Health for all Children

Chapter 4 References

Where possible we have provided additional details of websites referenced, see the Support Directory.

page page
77 Immunisation coordinator 86 Injury surveillance systems
79 ‘Getting Ahead of the Curve’ Doh 2002 93 Prevention of fire
79 Immunisation of premature babies 95 Accidental injury task force
80 Tuberculosis: British Thoracic Society 96 Breast feeding
80-81 Hepatitis B prevention 98 UNICEF baby friendly initiative
82 Prevention of other infectious diseases 99 Vitamin K
82 Sudden infant death 100 Wealth fare clinic scheme
84 Baby check 100 Vitamin supplements
84 Smoking prevention 101 Dental Disease
85 Giving up smoking 104 CONI – care of next infant

Page 77: Immunisation coordinator
Peckham, C.S., Bedford, H.E., Senturia, Y.D. & Ades, A.E. (1989). The National Immunisation Study: factors influencing immunisation uptake in childhood (the Peckham Report). Action Research for the Crippled Child, London;
Baxter, D.N. (1994). Pertussis immunisation of children with histories of neurological problems. British Medical Journal309, 1619;
Simpson, N., Lenton, S., & Randall, R. (1995). Parental refusal to have children immunised: extent and reasons. British Medical Journal 310, 227.
Newport M.J., and Conway, S.P. (1993). Experience of a specialist service for advice on childhood immunisation. Journal of Infection26, 295-300.
The importance of making additional effort to reach children in deprived situations is highlighted in: Reading, R., Colver, A., Openshaw, S., and Jarvis, S. (1994). Do interventions that improve immunisation uptake also reduce social inequalities in uptake? British Medical Journal308, 1142-4.
Elliman D, Moreton J. The District Immunisation Co-ordinator. Archives of Disease in Childhood 2000;82(4):280-2. Commentary by Hall DBM.

Page 79: ‘Getting Ahead of the Curve’ Department of Heath 2002
Getting Ahead of the Curve. A strategy for combating infectious diseases (including other aspects of health protection) A report by the Chief Medical Officer. Department of Health. 2002.

Page 79: Immunisation of premature babies
Botham S J, Isaacs D, Burgess M A. Immunisation of preterm infants. Communicable Disease Intelligence 1998;22(1):218-20.
Ramsay M E B, Corbel M J, Redhead K, Ashworth L A E, Begg N T. Persistence of antibody after accelerated immunisation with diphtheria/tetanus/pertussis vaccine. BMJ 1991;302:1489-91.

Page 80: Tuberculosis: advice of the British Thoracic Society
BCG, TB and the UK. Drugs and Therapeutics bulletin 2002 (Oct) 40, no 10, 78-80.
Control and prevention of Tuberculosis in the United Kingdom: code of practice 2000. Joint Tuberculosis Committee of the British Thoracic Society. Thorax 2000, 55, 887-901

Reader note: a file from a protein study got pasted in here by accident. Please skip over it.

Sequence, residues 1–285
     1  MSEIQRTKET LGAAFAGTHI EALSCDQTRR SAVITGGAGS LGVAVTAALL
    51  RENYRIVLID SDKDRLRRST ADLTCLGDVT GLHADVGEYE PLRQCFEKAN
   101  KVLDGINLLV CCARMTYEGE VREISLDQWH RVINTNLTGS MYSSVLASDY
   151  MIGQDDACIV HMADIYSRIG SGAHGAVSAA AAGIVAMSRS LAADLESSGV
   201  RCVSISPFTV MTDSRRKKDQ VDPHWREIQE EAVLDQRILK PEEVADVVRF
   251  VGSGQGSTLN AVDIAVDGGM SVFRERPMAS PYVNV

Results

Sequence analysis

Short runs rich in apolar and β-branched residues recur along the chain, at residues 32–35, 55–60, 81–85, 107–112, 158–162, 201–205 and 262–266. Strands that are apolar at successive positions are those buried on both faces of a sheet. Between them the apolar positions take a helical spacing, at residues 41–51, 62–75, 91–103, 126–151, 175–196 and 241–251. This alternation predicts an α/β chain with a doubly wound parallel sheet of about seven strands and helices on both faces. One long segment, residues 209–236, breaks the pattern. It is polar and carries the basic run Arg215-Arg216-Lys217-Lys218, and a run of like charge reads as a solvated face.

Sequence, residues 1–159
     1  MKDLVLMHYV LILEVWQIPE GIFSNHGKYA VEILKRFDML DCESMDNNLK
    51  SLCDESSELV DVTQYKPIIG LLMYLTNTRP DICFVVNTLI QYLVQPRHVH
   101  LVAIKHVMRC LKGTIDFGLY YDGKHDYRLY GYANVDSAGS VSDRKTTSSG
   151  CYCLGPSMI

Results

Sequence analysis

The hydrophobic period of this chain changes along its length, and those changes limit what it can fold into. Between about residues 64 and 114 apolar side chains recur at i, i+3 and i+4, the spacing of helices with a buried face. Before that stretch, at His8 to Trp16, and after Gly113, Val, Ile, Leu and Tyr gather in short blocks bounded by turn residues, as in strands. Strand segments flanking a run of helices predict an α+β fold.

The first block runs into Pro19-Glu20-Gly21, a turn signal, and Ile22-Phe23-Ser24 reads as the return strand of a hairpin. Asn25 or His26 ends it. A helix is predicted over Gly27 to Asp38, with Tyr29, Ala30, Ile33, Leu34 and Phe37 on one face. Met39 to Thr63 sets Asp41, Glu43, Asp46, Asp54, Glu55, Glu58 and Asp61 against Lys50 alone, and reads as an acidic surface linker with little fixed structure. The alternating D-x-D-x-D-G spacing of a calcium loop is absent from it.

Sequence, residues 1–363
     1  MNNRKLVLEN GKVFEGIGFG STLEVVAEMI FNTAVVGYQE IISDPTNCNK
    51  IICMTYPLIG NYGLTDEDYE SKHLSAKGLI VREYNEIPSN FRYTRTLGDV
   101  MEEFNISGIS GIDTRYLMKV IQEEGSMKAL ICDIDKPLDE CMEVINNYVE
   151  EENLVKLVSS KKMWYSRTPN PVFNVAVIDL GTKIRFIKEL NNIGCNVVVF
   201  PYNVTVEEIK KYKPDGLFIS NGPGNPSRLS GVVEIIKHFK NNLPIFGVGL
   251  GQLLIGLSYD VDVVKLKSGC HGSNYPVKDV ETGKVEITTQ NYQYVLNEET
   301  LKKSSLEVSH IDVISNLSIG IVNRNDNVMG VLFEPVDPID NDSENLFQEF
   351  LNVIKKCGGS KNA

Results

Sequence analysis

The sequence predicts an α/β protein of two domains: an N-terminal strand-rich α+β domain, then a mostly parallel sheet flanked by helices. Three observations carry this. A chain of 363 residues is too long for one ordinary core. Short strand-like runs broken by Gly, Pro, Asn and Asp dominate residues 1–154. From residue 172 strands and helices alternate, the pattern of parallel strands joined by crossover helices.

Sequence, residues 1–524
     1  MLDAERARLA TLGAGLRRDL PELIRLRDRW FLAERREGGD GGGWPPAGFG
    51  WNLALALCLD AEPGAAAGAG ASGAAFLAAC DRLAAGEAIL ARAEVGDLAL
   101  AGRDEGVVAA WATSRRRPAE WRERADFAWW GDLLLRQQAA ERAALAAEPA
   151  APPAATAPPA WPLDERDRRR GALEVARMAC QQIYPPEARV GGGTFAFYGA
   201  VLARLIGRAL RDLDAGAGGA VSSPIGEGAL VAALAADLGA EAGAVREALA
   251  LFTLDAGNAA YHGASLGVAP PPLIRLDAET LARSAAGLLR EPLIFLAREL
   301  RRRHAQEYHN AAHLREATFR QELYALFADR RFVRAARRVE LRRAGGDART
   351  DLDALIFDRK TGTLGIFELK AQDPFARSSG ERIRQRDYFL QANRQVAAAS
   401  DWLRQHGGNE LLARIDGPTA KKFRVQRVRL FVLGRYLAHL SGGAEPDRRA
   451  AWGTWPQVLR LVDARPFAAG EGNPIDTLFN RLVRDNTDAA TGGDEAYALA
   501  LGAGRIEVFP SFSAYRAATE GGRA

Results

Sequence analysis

Page 80-81: Hepatitis B prevention
‘Children in need and blood-borne viruses: HIV and hepatitis’. Department of Health,

Page 82: Prevention of other infectious diseases
This part of Wired for Health has specific pages for teachers relating to a number of communicable diseases they may encounter

Page 82: Sudden infant death
Foundation for the Study of Infant Deaths –
Sudden unexpected deaths in infancy the CESDI-SUDI studies 1993-1996.
Confidential Enquiry into Stillbirths and Deaths in Infancy. Ed. Fleming P. The Stationery Office 2000. ISBN 0113222998.

Page 84: Baby check
Morley, C.J., Thornton, A.J., and Cole, T.J. (1991). Baby Check: a scoring system to grade the severity of acute systemic illness in babies under 6 months old. Archives of Disease in Childhood66, 100-5.
For further reviews – work in progress.

Page 84: Smoking prevention
Chapman, S. (1993). Unravelling gossamer with boxing gloves: problems in explaining the decline in smoking. British Medical Journal 307, 429?432. This article takes smoking as an example and explores the influences that determine how and when health education is effective in an individual’s life: recommended!

Page 85: Giving up smoking
Poswillo, D. and Alberman, E. (1992). Effects of Smoking on the Fetus, Neonate and Child. OUP, Oxford. (A useful symposium covering the main aspects of smoking and its impact on children’s health). See also “Smoking and pregnancy: guidance for purchasers and providers”, Health Education Authority, London (1994); Women and Smoking, Guidelines for health promotion no. 39 (1995). Faculty of Public Health Medicine, London.

Page 86: Injury surveillance systems
‘What works in preventing unintentional injuries in children and young adolescence’. Towner E et al. 2001. Health Development Agency, London.
The prevention of childhood unintentional injury – Towner E and Towner J. Current Paediatrics 2001, 11.
Information about the prevention of skin cancer –
Carbon monoxide – the forgotten killer. Letter from the chief medical officer and chief nursing officer, 22nd February 2002.
Too high a price – injuries and accidents in London. The London Health Observatory (2002).
Child Accident Prevention Trust
Preventing Accidental Injury – Priorities for action. Report to the Chief Medical Officer from the Accidental Injury Task Force. Department of Health,
Measuring and Monitoring Injury. Report to the Accidental Injury Task Force from The Measuring and Monitoring Injury working Group. Department of Health,

Page 93: Prevention of fire – articles on smoke alarms etc, also articles on drowning
Recent articles on smoke alarms and drowning.
DiGuiseppi C, Roberts I, Wade A, Sculpher M, Edwards P, Godward C, Pan H, Slater S.
BMJ 2002; 325: 995. Incidence of fires and related injuries after giving out free smoke alarms: cluster randomised controlled trial
Rowland D, DiGuiseppi C, Roberts I, Curtis K, Roberts H, Ginnelly L, Sculpher M, Wade A. Prevalence of working smoke alarms in local authority inner city housing: randomised controlled trial. BMJ 2002; 325: 998-1001.
Sibert J R, Lyons R A, Smith, Cornall P, Sumner V, Craven M A, Kemp A M. Preventing deaths by drowning in children in the United Kingdom: have we made progress in 10 years? Population based incidence study